The University of Jyvaskyla’s Faculty of Sport and Health Sciences found that menopausal changes are linked to unfavorable metabolic changes that can be mitigated through a vigorous lifestyle. Particularly, physical activity reduced the rise in blood pressure in systolic.
The transition to menopausal has been linked to an increase in abdominal fat and blood pressure, blood glucose levels, and a decrease in cholesterol. These changes could increase the risk of developing type II diabetes and cardiovascular disease among postmenopausal females. Physical activity is believed to be beneficial for promoting metabolic health and reducing the risk of cardiovascular and metabolic disease. However, little is known about the connection between physical activity and changes in the metabolic health indicators that occur during menopause.
According to Hanna-Kaarina Juppli, aging can lead to changes in the metabolic health of both genders. However these changes are likely to increase in women who are who are in their midlife years, and are experiencing menopausal symptoms.
– Since women can live for several decades after menopausal, knowing the causes of the decline in metabolic health is crucial. By following women with similar ages but different menopausal status We were able to discern the changes caused by menopausal hormonal changes and the aging-related deterioration in metabolic health.
The study split the women into three groups based upon the changes in their menopause status. The groups were then to be compared. Over the course of four years the body composition, waist circumference and blood pressure were all measured twice. In all groups, the levels of several metabolic health indicators declined. For instance, mid-regional obesity, LDL cholesterol and blood glucose increased during the study The most significant changes were noted in the group that experienced menopause during the follow-up period.
Based on the results menopausal symptoms are linked to the deterioration of metabolic health, says doctoral researcher Matti Hyvarinen .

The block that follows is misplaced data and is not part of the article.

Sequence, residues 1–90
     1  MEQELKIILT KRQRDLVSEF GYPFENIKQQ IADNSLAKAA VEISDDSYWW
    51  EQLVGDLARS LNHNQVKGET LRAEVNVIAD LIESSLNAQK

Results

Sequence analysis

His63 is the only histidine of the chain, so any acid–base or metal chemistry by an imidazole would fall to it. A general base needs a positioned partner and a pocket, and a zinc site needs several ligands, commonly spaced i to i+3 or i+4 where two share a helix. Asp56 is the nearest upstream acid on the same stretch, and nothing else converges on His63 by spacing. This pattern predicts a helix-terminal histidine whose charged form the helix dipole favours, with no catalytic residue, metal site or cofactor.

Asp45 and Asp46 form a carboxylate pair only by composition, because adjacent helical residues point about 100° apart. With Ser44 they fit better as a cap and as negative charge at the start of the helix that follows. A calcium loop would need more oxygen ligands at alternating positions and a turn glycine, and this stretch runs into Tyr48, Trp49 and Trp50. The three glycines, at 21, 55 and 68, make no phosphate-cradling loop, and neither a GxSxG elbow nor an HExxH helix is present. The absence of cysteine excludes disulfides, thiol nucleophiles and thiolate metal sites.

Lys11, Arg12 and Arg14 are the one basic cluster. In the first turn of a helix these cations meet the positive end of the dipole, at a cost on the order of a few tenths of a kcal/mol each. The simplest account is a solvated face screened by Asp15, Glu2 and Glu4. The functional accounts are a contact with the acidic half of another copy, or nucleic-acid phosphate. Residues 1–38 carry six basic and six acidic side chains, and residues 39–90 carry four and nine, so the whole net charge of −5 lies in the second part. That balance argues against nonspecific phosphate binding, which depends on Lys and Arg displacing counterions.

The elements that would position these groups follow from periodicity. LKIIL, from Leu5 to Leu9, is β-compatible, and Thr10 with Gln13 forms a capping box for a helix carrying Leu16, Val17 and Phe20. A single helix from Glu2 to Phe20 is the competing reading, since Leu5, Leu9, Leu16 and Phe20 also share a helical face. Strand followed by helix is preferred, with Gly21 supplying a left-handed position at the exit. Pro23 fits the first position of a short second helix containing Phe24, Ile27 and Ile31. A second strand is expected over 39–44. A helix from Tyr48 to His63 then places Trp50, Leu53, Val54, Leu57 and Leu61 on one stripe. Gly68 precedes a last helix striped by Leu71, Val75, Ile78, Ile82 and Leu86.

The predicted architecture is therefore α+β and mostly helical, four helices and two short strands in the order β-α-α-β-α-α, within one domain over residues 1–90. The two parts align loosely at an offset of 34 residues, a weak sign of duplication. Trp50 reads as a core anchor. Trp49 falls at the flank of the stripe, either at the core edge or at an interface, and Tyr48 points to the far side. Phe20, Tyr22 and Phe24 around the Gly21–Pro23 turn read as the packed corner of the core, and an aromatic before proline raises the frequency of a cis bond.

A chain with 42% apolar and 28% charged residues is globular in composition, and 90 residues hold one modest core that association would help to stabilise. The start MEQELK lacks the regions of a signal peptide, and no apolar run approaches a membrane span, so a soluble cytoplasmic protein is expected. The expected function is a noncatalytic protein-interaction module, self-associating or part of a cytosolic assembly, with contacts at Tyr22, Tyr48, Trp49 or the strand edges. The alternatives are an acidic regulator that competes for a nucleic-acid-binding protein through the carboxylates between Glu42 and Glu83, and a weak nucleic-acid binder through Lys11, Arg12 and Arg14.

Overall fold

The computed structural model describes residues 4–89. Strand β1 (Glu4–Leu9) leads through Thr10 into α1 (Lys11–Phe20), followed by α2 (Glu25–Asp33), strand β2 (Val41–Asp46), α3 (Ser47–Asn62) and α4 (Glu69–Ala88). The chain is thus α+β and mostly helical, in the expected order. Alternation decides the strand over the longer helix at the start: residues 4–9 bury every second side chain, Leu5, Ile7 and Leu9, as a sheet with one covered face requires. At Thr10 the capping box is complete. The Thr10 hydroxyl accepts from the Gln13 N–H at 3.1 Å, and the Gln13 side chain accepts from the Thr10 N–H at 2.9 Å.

However physical activity can help prevent the accumulation metabolic risk factors for women who are in menopausal. We observed that people who were more active had a healthier metabolic risk factors. For example the more active participants had lower LDL and higher HDL cholesterol levels as well as smaller fat mass and waist circumference. The results also showed that a physical activity-based lifestyle is beneficial in reducing the rise of menopausal systolic pressure.
The study was conducted at the Gerontology Research Center in the Faculty of Sport and Health Sciences at the University of Jyvaskyla. This study is part of the Estrogenic Regulating Muscle Apoptosis and Estrogen microRNAs and risk of metabolic dysfunction (EsmiRs) studies, which are led by Associate Professor Eija Lakkonen. The original ERMA baseline cohort with more than 1300 participants comprised women aged 47 to 55 living in the Jyvaskyla region. In the EsmiRs study 298 of the ERMA women were remeasured. The study was funded by the Academy of Finland.
(2021). Menopausal health, metabolism and physical activity–a 4-year study. International Journal of Obesity. doi.org/10.1038/s41366-021-01022-x.
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